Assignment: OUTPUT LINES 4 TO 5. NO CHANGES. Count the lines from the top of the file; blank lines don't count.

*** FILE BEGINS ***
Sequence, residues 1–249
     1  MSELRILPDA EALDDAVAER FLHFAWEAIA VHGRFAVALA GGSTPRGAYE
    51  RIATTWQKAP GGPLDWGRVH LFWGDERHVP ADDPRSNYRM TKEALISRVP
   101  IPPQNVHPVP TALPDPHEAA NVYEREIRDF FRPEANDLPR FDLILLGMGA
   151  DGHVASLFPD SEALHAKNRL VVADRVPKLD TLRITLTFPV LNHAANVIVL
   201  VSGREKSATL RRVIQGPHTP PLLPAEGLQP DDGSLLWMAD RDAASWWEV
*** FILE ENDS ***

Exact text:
   101  IPPQNVHPVP TALPDPHEAA NVYEREIRDF FRPEANDLPR FDLILLGMGA
   151  DGHVASLFPD SEALHAKNRL VVADRVPKLD TLRITLTFPV LNHAANVIVL